On May 28 and 29 the first Scrum Days Poland were organized. A great team made it happen, gently directed by two friends of the Scrum.org trainer community, Kate Terlecka and Tomek Wlodarek. Kate and Tomek were so kind to invite me for two sessions at the event:

  • In the executive track I spoke about ‘Empirical Management’. Find the slide deck at SlideShare.
  • For the main event I was asked to do the closing keynote, which was about ‘Scaled Professional Scrum’. Find the slide deck at SlideShare.

Apart from these sessions, I was asked for some thoughts on Scrum by different people:

1/ On behalf of the organization, Paweł Feliński checked in with me on some topics with regards to Scrum, and the adoption of Scrum:

2/ Leszek Pietrzkiewicz went around asking some people, including myself, to ‘describe’ Scrum in one word:

3/ Leszek Pietrzkiewicz asked me ‘Why do Scrum?’

4/ Andy Brandt, another Polish Professional Scrum Trainer, asked me some questions about Product Ownership, questions he typically gets from the attendants of his PSPO classes:

I applaud the local organizers for setting up such a great conference. I am grateful for being at the conference, meeting people and expressing the above thoughts. Traces of Scrum.

Celebrating two years at Scrum.org (#frwrks)

March 2013, Amsterdam. Ken Schwaber and I semi-simultaneously express the thought that there is likely more value in us engaging in a close partnership. We already have a pretty intense collaboration at the time. I decide to leave consulting, a well-known environment that I have been in for twelve years. I take some time off, do a couple of Professional Scrum classes, and lay the foundation for my book „Scrum – A Pocket Guide (A smart travel companion)“.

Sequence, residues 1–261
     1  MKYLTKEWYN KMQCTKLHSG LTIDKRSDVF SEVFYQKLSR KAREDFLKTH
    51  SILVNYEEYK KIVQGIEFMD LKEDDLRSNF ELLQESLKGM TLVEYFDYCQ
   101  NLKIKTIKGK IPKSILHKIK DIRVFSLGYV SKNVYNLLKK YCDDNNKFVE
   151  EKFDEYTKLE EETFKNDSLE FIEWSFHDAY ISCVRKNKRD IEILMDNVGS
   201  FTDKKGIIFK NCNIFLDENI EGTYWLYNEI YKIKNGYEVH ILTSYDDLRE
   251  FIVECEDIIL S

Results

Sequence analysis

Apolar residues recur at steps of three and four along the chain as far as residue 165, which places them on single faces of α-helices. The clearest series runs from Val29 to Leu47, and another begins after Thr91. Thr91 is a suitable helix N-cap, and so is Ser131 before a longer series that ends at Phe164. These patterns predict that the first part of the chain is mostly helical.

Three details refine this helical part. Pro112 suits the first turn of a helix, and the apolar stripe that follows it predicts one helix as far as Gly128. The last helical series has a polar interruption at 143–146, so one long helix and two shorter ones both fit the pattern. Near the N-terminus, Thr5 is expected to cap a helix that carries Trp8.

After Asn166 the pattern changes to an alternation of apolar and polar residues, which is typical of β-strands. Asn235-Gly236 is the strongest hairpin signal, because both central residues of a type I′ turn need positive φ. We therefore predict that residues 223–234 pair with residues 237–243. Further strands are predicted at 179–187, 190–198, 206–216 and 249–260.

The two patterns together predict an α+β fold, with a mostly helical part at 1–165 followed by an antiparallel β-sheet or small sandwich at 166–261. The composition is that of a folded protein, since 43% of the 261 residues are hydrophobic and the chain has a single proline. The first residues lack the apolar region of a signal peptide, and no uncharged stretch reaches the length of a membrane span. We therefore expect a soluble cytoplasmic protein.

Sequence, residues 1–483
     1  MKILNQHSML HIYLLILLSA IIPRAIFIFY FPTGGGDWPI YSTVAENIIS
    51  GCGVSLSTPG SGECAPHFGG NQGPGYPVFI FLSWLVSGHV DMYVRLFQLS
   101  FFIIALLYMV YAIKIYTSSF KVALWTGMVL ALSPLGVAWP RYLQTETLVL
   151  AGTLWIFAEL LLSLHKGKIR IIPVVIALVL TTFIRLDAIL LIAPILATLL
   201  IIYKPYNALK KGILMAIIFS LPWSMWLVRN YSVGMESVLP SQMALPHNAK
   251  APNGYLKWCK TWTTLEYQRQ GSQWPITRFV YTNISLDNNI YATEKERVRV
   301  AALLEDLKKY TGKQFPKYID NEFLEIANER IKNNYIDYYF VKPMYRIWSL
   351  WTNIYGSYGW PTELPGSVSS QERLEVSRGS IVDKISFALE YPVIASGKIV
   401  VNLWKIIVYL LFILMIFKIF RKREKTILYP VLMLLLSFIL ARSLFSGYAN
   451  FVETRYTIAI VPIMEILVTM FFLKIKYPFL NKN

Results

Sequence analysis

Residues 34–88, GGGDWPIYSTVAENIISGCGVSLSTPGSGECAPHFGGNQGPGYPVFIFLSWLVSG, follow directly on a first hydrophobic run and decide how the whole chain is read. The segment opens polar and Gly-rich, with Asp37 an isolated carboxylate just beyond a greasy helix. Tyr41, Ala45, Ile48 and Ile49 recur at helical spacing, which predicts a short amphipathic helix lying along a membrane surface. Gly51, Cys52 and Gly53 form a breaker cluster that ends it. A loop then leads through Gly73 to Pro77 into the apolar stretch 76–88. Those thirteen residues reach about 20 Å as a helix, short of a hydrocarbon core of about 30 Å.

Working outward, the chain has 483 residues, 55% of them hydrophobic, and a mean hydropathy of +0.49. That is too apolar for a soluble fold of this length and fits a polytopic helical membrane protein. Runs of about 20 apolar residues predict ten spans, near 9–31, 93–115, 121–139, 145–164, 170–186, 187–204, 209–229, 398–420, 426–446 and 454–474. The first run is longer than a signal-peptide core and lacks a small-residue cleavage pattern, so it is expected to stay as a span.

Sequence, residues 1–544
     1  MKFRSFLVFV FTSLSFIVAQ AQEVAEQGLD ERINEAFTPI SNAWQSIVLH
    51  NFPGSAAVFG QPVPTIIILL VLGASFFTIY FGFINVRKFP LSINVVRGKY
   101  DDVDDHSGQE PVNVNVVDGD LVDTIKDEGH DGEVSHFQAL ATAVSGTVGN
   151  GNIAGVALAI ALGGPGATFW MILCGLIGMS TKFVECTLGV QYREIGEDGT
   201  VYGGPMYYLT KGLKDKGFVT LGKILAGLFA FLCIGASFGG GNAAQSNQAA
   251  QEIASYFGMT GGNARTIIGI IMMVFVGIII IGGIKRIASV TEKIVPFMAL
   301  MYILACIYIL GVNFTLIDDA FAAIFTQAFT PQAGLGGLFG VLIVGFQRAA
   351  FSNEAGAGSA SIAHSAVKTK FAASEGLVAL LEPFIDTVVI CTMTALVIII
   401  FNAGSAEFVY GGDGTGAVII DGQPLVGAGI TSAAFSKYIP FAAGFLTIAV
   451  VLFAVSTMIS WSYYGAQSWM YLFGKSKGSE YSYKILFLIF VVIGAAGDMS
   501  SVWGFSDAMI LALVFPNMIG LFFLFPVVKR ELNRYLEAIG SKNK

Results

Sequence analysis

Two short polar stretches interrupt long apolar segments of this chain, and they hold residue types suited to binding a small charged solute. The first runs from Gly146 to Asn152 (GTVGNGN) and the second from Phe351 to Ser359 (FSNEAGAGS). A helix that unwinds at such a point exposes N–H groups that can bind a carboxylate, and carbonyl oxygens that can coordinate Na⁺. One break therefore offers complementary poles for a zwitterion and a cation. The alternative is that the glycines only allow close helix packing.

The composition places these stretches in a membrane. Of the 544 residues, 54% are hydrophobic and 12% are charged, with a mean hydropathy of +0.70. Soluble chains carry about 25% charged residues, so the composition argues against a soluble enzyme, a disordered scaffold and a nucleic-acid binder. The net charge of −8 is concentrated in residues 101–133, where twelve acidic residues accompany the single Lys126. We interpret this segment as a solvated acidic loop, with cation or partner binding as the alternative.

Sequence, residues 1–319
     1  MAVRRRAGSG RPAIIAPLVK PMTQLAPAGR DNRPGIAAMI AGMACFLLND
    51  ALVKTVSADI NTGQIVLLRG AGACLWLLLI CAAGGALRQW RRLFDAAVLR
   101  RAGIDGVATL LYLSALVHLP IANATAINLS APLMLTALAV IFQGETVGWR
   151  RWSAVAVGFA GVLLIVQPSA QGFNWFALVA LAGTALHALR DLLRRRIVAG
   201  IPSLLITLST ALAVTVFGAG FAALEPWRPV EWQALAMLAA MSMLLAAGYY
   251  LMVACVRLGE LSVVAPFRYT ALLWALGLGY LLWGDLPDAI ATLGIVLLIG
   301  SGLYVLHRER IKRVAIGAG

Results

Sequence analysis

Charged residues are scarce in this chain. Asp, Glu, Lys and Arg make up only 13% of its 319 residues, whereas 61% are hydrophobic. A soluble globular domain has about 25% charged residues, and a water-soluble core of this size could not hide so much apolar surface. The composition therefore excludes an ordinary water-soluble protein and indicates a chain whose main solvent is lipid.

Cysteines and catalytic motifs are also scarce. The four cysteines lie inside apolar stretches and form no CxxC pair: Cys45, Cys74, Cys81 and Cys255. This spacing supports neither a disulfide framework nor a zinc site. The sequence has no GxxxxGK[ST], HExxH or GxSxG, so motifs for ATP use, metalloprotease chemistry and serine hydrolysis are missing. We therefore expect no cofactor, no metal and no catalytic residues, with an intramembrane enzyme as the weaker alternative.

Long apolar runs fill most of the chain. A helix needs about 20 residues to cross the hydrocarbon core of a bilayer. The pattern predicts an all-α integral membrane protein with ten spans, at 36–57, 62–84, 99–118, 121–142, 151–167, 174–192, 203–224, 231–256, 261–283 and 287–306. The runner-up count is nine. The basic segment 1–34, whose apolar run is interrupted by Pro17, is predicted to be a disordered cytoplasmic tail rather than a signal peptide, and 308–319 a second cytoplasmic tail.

June 1 2013, Boston-Antwerp. I embark on this somewhat unexpected journey of working at the home of Scrum, Scrum.org.

Over these past two years a three-fold pattern of activities emerged being part of the Scrum.org team:

  • Shepherding the Professional series. Developing and sustaining Professional Scrum assessments and courseware, training trainers, working with the global community of Professional Scrum experts and within the small-ish, creative organization of Scrum.org.
  • Representing Ken and Scrum.org in Europe. Visiting partners and friends of Scrum.org, and taking up speaking and learning engagements.
  • Teaming up with Ken. Engaging in all sorts of interesting development activities, with the most important thread probably being the road from Agility Path to Scaled Professional Scrum and the Nexus.

Not working for a traditional enterprise turned out such a relief, the end of thinking and acting in terms of money and commercial motives only. No hour-based work, no office hours, working (mainly) from my home office, no timesheets. Instead mission-driven efforts, autonomy and valuable goals. Money is obviously important, up to the level of being able to pay our people a decent salary and to invest in the community. Beyond that however our goal is to support people, teams, organisations, with resources for assessment, improvement, maturing Scrum, growing professionalism, improving the profession of software development. It is not the most common model for a business, but it is what we do.